We went to Italy! Naples to be exact. Trevello to be very exact (more on that later). Our niece Amanda is living there (husband Robert is in the Navy). For three years they lived in Belgium, and for various reasons, we never got there for a visit. Still kicking ourselves over that. We didn't want to be likewise kicking ourselves over Italy, and they've already been there a year, so although July might not be the ideal month to go (it's really hot there) we went anyway.
There was the usual flurry in getting ready to go--such as getting the house cleaner than we ever would for ourselves (we had a friend who was housesitting)--so of course things like the fridge going on the fritz and the belt of the vacuum cleaner breaking happened. I sort of blew my top when I picked up a bottle of spray cleaner and the handle broke. C'mon--really?
And, of course, there's always the problem of missing (and being missed) by the ones we leave behind.
The main thing I think about on any trip is not "what are we going to do" or even "what clothes should I take" but "what can I take to keep me from going crazy while sitting around in airports and on airplanes for hour after hour? Of course, a book (Jonathan Strange and Mr. Norrell--I liked the miniseries enough that I wanted to read the book). And some knitting--decided on a tubular cowl with some really delicious cashmere/silk yarn I had spun. I had an idea of doing the trip in "knitting selfies", showing the knitting growing as I visited various areas, ending with a finished cowl and a finished trip. Started well, that idea. Here's the Tallahassee airport.
And the Atlanta airport.
I got this idea from the blog by the Yarn Harlot, where she does this sort of thing on trips. I did not take into consideration that a)she knits like a speed demon; b) socks are smaller and faster than my lace cowl, so you can see a difference more readily, and c) on long overseas flights they turn off the lights. So even if I did drag my knitting all over and photo it, there wouldn't be any noticeable growth. So here's the final shot at the Paris airport, and it then goes away for awhile.
Whoever said about trips that "getting there is half the fun" never rode in a modern aircraft. We were riding in the sardine section, being unwilling to fork out another $900 for "three more inches of leg room" (and don't even ask about business class, much less first class). In a moment of morbid curiosity I puled my measure tape from my knitting bag, and it was 14.5 inches from the side of the plane (I had the window seat) to Bob's arm. The arm rest on that side didn't lift up, so that took another two inches. I alternated between the arm rest gouging into my side, or into my back if I shifted, for the 7.5 hour flight. There was almost no knee space. And it was hot. I had never before been in a plane that didn't have those little air valves overhead. Maybe we were over one of the engines--my purse was on the floor and my lipgloss melted. According to the little flight information screens it was -65 degrees outside and I prayed for a way of cracking open a window just a little bit. Our dinner (which was pretty good, by the way) came with a wet-wipes and we tried to take baths with them.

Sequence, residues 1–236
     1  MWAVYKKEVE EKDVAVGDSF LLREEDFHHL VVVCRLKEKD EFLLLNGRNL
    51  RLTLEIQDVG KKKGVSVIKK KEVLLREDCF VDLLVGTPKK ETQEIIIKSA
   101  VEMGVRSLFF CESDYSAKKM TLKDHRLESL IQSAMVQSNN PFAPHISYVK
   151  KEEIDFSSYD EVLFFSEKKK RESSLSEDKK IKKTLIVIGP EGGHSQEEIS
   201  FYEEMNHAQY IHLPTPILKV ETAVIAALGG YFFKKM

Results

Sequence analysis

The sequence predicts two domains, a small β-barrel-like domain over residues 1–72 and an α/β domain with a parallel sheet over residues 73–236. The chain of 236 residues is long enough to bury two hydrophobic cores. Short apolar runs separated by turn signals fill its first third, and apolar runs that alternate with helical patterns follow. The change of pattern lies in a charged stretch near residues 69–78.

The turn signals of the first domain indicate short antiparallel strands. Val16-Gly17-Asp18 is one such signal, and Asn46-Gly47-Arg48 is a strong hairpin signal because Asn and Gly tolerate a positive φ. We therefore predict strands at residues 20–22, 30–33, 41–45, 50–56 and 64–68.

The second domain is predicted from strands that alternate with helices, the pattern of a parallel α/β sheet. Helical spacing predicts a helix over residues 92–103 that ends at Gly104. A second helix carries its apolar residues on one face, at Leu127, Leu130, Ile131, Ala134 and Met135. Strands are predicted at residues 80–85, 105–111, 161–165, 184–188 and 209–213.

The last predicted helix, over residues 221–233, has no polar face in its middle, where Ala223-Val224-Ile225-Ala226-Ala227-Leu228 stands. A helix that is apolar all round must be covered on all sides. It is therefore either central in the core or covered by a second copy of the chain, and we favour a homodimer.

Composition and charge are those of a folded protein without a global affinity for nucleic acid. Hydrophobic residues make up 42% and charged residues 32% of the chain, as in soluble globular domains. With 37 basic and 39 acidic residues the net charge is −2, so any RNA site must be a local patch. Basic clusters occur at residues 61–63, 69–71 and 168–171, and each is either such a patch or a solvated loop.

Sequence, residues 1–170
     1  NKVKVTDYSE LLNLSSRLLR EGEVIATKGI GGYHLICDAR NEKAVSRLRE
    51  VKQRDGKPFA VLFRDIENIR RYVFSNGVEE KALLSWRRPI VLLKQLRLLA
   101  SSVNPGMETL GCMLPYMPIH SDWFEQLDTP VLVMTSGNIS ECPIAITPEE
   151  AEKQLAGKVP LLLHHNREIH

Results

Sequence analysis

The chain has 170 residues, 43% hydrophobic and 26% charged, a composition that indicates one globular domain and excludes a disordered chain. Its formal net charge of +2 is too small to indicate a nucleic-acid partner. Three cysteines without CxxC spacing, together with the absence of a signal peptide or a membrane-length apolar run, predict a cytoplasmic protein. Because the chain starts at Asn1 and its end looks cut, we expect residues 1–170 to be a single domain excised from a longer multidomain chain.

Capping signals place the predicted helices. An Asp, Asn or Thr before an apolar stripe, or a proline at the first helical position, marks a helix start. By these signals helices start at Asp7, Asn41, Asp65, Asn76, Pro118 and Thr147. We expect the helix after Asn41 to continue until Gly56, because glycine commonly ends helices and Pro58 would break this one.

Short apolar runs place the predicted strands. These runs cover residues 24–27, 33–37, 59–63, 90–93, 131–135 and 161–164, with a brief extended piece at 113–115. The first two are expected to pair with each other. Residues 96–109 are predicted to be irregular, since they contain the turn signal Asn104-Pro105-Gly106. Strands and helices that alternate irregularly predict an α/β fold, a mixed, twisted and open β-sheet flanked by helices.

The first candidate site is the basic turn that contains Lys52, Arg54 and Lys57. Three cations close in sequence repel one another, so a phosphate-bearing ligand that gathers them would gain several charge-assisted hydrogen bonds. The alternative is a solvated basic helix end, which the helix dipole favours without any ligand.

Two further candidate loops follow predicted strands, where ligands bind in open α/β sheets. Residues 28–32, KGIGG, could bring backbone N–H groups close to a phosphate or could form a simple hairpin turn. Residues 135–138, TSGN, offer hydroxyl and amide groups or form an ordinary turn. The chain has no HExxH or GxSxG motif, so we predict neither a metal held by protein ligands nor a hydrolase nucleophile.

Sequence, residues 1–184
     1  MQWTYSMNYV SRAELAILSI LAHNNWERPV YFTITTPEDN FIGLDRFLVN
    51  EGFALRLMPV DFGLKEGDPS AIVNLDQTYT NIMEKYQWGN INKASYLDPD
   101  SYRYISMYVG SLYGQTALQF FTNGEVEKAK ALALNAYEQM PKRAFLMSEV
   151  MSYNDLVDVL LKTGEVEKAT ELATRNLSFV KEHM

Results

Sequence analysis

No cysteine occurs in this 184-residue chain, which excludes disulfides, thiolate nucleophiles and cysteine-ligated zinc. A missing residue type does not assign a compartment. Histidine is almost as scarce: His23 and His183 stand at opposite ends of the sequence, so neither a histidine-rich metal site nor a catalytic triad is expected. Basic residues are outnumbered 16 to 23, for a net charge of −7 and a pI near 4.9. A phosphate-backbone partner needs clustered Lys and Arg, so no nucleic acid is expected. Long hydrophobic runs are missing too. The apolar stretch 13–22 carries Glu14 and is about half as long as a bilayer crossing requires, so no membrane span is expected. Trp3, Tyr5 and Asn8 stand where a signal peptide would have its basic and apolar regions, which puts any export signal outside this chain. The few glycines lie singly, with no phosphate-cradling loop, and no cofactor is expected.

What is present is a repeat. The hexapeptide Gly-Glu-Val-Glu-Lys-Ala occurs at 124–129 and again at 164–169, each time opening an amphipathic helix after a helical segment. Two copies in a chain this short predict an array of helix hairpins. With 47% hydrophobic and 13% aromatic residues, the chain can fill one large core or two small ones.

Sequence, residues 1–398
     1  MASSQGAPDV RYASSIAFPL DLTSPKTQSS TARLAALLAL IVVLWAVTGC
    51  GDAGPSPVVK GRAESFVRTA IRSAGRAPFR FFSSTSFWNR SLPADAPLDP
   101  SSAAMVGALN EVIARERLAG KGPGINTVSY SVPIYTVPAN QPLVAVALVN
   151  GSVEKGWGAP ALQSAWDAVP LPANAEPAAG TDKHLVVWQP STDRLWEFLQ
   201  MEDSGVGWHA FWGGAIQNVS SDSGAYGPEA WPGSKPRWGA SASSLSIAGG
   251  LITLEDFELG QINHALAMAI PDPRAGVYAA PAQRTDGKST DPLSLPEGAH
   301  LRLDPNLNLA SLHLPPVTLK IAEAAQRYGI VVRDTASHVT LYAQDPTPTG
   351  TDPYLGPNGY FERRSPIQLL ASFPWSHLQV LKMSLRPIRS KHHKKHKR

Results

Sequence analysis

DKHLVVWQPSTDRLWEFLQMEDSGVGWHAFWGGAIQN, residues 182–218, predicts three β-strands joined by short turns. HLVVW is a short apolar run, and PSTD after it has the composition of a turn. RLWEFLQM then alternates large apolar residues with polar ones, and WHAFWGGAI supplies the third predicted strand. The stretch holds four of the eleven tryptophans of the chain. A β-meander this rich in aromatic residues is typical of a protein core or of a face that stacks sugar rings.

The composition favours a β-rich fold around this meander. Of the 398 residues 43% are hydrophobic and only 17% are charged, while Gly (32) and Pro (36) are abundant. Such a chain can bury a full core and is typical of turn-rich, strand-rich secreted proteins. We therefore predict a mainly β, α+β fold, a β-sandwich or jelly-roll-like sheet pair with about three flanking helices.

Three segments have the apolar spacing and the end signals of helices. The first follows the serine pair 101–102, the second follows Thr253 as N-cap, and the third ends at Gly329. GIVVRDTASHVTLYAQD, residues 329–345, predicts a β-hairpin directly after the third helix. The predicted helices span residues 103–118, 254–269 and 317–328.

But all bad things come to the end, and we were able to limp off the plane in Paris. After that, it was just a little old-fashioned puddle-jumper plane (meaning much more room) to Naples and the waiting family.
They have decided to have the Italy experience and not live on the American base. They instead are living in the little town of Trevello. It turns out that people are very proud of their origins: "I am not from Naples, I am from Aversa" even though these little towns have been sprawled over by Naples. Despite the fact that we were really dragging after the long, hot, and uncomfortable trip, Robert (who is an expert in travelling) dictated "no naps. Keep moving." So we took a walk into town--and then into the next town (Aversa) which sounds like a lot but actually it mean crossing a street from one town to another. Naples (excuse me--Trevello and Aversa) reminded us so much of Oaxaca, Mexico. Pastel stucco buildings, iron railings, laundry hung out, little altars set into walls, narrow streets, lots of skinny stores selling almost everything. An amazing cheese shop (I love cheese--the one thing I couldn't bring home with me). We did pick up some fresh-made buffalo mozzarella--at about a third of the price you pay for regular cow mozzarella here. And we grabbed some pizzas for dinner. Here, a big fuss is made if the pizza is cooked in a wood-fired oven. There--every tiny pizza shop is dominated by the big wood oven. It's just how it's done.
Eating, talking, catching with the family news. Dane (their son) at the age of 12, was taking scuba classes. One of his dives had just become rather interesting because of a mishap officially described as an "unexpected loss of buoyancy" which is another way of saying "the boat sank" and the students all had to swim ashore. Dane thought it was a cool adventure; for some reason, Amanda was apprehensive about his next dive.
We finally overruled Robert's dictum that we stay up to 10 and crashed around 8:30 (which our internal time told us was 2:30 a.m.).